"... The moon surprised them, even though / they had converged under the stars, and then / they saw each other, hunched and open, small / planets shining inside dark bodies. That was all / there was, eyes inside dark bodies."

Silence as a connection between a person and their own nature.

"The Lispector Poems" serves as an excellent and visceral example of how stillness and awareness permeate not only a moment, but a life:

"Weather and rooms. She moved through / both. When she stopped she listened to / a silence that had both eyes open."

The attention to detail and chest-tightening content make this section perhaps the most powerful and engaging set of poetry in the entire collection. As made overt in the poem "Night Vision," The Discipline of Undressing is more than just an undressing. It is an "unskinning," with the end result being a methodical and beautiful exposure of the human heart and the soft silence that holds it in place:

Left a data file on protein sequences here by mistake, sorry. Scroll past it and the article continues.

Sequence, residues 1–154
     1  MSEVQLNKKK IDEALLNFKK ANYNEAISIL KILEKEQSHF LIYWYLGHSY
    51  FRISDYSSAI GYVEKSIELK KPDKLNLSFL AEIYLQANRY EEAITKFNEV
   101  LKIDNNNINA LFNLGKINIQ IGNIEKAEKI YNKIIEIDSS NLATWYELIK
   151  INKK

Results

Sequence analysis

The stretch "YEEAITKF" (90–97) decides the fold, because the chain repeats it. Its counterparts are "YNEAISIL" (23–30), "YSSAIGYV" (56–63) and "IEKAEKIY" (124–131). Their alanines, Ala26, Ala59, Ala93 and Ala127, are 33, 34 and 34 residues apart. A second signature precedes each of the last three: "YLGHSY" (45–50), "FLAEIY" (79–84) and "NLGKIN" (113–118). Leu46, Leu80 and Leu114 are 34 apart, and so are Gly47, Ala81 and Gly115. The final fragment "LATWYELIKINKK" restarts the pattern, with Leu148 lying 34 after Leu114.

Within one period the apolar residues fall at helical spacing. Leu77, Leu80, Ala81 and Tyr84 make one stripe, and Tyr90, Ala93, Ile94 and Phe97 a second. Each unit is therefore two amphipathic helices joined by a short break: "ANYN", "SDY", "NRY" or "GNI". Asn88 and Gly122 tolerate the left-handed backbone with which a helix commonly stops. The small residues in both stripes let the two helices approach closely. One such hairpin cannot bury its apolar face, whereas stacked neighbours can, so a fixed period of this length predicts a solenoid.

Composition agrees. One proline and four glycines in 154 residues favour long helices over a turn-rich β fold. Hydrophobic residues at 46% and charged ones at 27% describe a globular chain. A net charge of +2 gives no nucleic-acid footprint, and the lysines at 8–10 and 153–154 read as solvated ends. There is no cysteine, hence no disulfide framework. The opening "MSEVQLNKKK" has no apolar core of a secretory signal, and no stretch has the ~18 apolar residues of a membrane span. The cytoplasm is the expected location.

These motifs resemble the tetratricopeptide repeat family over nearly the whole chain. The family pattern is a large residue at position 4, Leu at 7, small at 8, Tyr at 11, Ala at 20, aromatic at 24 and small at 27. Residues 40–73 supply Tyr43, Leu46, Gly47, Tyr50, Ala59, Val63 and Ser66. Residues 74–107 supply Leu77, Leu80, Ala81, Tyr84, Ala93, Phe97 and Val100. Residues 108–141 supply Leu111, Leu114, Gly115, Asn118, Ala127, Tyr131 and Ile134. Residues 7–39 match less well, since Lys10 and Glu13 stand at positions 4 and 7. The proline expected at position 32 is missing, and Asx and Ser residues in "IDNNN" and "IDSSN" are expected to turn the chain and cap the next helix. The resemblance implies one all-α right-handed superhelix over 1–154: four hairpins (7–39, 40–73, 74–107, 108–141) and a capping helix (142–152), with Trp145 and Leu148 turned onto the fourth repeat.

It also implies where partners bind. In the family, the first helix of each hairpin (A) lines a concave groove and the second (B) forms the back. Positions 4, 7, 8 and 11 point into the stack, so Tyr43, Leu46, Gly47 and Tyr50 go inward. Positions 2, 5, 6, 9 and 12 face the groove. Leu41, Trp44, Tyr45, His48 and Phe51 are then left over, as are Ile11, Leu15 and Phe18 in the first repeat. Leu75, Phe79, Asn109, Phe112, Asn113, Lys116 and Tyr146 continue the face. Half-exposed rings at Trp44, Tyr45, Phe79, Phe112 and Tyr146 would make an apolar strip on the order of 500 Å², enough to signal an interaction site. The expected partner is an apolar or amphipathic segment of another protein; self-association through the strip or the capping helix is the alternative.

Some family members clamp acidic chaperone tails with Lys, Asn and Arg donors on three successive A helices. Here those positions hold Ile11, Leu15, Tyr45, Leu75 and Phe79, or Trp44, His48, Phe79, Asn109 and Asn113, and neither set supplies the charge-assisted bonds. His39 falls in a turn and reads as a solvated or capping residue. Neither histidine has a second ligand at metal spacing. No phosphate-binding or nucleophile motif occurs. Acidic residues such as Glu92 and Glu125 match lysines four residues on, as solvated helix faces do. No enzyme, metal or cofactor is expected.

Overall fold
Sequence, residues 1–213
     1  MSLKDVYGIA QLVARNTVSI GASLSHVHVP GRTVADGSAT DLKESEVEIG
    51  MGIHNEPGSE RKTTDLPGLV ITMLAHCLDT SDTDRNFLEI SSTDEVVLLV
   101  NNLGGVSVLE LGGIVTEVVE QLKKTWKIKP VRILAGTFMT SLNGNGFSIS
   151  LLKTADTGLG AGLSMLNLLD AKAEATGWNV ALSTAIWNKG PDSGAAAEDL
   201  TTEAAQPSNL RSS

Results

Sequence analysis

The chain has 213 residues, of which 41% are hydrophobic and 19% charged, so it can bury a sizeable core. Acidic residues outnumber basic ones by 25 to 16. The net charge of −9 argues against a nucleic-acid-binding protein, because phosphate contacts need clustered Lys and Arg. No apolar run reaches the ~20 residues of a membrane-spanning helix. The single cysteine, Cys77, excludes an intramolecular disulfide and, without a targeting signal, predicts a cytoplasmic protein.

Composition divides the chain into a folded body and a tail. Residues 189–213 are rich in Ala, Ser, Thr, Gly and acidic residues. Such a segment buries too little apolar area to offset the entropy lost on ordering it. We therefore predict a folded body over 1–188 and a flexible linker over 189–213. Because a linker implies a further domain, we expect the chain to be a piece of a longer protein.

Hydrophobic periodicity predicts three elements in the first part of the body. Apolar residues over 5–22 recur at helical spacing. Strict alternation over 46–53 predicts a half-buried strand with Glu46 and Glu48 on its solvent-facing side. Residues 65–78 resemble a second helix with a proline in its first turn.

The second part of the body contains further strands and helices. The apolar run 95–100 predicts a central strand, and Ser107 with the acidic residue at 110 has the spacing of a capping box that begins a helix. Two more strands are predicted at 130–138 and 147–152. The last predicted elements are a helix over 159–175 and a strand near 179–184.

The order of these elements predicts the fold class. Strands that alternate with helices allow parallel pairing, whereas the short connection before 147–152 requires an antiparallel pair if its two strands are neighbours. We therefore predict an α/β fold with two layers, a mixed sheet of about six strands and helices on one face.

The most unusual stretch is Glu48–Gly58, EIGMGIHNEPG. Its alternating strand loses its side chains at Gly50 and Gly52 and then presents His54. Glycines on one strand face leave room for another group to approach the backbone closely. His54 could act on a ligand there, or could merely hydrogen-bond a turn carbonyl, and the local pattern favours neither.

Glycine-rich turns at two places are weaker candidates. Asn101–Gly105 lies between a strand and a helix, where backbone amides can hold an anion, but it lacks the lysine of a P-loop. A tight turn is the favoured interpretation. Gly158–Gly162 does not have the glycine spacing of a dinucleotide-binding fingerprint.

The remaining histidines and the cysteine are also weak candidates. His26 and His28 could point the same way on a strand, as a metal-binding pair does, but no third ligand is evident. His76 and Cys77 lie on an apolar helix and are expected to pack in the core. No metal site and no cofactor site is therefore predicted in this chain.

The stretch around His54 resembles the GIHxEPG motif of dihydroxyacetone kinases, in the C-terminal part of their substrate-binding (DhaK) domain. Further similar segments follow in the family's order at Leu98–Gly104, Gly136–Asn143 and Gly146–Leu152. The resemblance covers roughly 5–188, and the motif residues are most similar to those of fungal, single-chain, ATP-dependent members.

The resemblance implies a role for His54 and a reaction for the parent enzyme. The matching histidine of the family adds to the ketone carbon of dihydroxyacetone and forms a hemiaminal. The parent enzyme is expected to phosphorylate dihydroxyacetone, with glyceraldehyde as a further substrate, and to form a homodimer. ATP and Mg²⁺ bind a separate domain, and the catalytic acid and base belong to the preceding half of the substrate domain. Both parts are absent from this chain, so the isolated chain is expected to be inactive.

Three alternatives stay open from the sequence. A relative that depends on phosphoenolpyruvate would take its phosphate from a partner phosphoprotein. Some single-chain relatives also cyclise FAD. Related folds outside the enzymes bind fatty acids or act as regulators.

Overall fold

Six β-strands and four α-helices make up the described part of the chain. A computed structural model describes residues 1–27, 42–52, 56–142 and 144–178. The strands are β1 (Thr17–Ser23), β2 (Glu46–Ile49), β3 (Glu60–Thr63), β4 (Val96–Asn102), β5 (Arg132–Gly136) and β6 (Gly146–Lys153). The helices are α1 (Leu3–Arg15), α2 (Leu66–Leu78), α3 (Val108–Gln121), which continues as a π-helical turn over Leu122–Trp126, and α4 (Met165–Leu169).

"When we go into the dark mud of dreams, / take off the dry skin, there is bleeding, / there is death. ... / ... a newborn seeing / the pulse of its heart everywhere."

It is fitting, then, that the books ends with a "positive emptiness." Through a series of pure and authentic moments, K. Louise Vincent brings us a memorable and undeniably engaging collection of poetry.

Review by Patrick M. Pilarski
Edmonton, Alberta, Canada

Link: Other Voices

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Patrick M. Pilarski is the co-editor of DailyHaiku, an international print and online journal of contemporary English language haiku. His recent poetry credits include PRISM International, Other Voices, Frogpond (USA), Simply Haiku (USA), and broadcast on CBC Radio One. Patrick recently released his latest chapbook of haiku and haibun, Five Weeks.